Under the portico there are, on the left, a marble round representing the Virgin of the Miracle and, on the right, a fountain.

Facade
The original project is by Galeazzo Alessi, while Martino Bassi retouched the original project especially in the upper part.
The sumptuous façade, completely in marble, is in four orders, marked by pilasters and half-columns. It should be noted that the two upper orders are approx. half as broad as the lower ones.
The first order is characterized by the presence of five doors (the twomost lateral ones under the two lateral branches of the quadriporticus). The central door is flanked on each side by two marble columns with bronze corinthian capitals by Annibale Fontana. Above the entablature (which runs along the entire façade) a broken tympanum on whose two pieces two sibyls are placed, they too by Fontana.
In side positions, within two niches, the statues of Adam and Eve, works of Stoldo Lorenzi. Adam is however a copy, since the original was brought to the museum of the Sforza Castle.
The second order sees the presence of various bas-reliefs. At the center the Annunciation of the Angel to the Virgin of Stoldo Lorenzi and the Birth of Jesus of Fontana. On the left and on the right, then, the Presentation at the Temple by Lorenzi and the Adoration of the Magi by Fontana. Finally, on the sides, the statues of the two prophets Isaiah and Zechariah, both by Fontana.
The third order houses three windows. The central one, larger, is decorated with caryatids and is closed by a stained glass window, with the Assumption of the Virgin; rebuilt after the war, in place of the primitive one destroyed by the bombings of August 1943. The statues are of the prophet Jeremiah on the left (Fontana), on the right of the prophet Ezekiel (Lorenzi). Furthermore, two very slender obelisks and various pinnacles are present laterally, resting on the parts of the second order that exceed the width of the upper orders.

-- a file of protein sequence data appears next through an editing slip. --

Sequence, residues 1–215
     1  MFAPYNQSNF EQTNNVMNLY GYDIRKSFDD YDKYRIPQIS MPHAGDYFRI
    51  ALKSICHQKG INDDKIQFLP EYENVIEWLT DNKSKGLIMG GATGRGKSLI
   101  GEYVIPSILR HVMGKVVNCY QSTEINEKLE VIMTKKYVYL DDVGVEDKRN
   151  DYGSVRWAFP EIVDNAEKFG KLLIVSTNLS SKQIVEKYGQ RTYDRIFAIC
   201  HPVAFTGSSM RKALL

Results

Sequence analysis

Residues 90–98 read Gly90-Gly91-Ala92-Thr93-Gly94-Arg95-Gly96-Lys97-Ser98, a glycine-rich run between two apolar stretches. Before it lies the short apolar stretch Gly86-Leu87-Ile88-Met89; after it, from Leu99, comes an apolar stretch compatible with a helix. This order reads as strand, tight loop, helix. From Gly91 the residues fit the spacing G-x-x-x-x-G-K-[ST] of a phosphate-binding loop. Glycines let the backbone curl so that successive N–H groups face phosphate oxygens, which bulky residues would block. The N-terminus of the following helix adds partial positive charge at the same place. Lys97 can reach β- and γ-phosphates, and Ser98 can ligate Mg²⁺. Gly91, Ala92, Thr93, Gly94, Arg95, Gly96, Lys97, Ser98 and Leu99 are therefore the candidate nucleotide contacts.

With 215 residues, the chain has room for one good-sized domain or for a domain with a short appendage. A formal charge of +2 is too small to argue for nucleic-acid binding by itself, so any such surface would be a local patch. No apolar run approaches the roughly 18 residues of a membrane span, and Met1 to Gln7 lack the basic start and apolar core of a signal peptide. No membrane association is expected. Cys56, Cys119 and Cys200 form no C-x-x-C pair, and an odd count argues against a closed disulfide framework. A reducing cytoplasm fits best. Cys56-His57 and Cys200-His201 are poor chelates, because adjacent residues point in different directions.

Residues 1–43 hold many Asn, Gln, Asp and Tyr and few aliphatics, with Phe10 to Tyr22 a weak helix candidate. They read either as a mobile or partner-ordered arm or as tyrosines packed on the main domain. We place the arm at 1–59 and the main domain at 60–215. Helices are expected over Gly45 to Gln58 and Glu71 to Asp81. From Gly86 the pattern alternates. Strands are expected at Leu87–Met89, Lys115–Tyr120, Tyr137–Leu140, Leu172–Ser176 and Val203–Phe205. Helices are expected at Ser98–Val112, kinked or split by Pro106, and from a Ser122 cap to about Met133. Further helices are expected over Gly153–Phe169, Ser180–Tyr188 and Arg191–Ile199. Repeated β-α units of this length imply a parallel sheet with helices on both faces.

The fourth order hosts other four bas-reliefs, from left to right: Visit of Maria to S. Elisabeth (Giulio Cesare Procaccini), Escape to Egypt (Lorenzi), Marriage of Cana (Fontana), Nativity (G. C. Procaccini).
The large tympanum contains a bas-relief with the scene of Mary's empty tomb (by Vimercati). On the upper edge of the pediment there is a copy of the statue of the Assumption Virgin in the center (the original, a work of Fontana, was taken to the retrochoir) and four angels. Two of them are of the Fontana and two of the Vimercati.

Tiburium
Another element characterizing the exterior of the church, and a typically Lombard element, is undoubtedly the tiburium, the cylindrical structure located externally around the dome. Dome and tiburium are due to Dolcebuono and Amadeo and were finished as a structure already in the early sixteenth century.
The tiburium still retains its original fifteenth-century characteristics. It is located above the intersection of the main nave with the transept, a cubic space of 12 meters on each side. Dodecagonal, the tiburium includes a thick base, externally without decorations but that inside corresponds to a frieze with twelve niches with inside the terracotta statues of the twelve apostles (Agostino de Fondutis, 1502), the upper vertical zone, with a binate lodge on each of the twelve sides, the roof and a lantern with circular section. The upper part corresponds internally to the dome.

Interior
It is a true model of late Renaissance Milanese architecture, showing an almost pagan humanistic spirit.
The roof of the central nave is barrel-shaped and does not correspond to the original one of the fifteenth century, which had to be a cross vault like that of the side aisles.
Very rare case in the Milanese churches, there is an ambulatory that runs behind the choir and which connects the two side aisles. This is in line with the fact that the two side aisles were added in a second phase, when the choir had already been built. The internal walls of the ambulatory (which belong to the older parts of the building) have some stylistic analogies with the coeval Malatesta Temple in Rimini, with light marble surfaces decorated with geometric marble inserts of different colors.
Another very distinctive stylistic element is represented by the decoration of the roofing corresponding to the width of the main nave: from the entrance to the apse, almost like a long blanket, there is a repeated relief decoration formed by circular elements joined together and interspersed with stylized floral elements, all on a blue background. The width of these elements varies so as to underline the geometry of the roof.
The marvelous decoration of the marble floor realized by Martino Bassi corresponds to the ceiling of the main nave. It has a decoration in light, red and dark marble that reminds a little bit that of the ceiling (although in this case it also extends to the side aisles). At the dome it is enriched to create an authentic kaleidoscope of shapes and alternations of the three colors.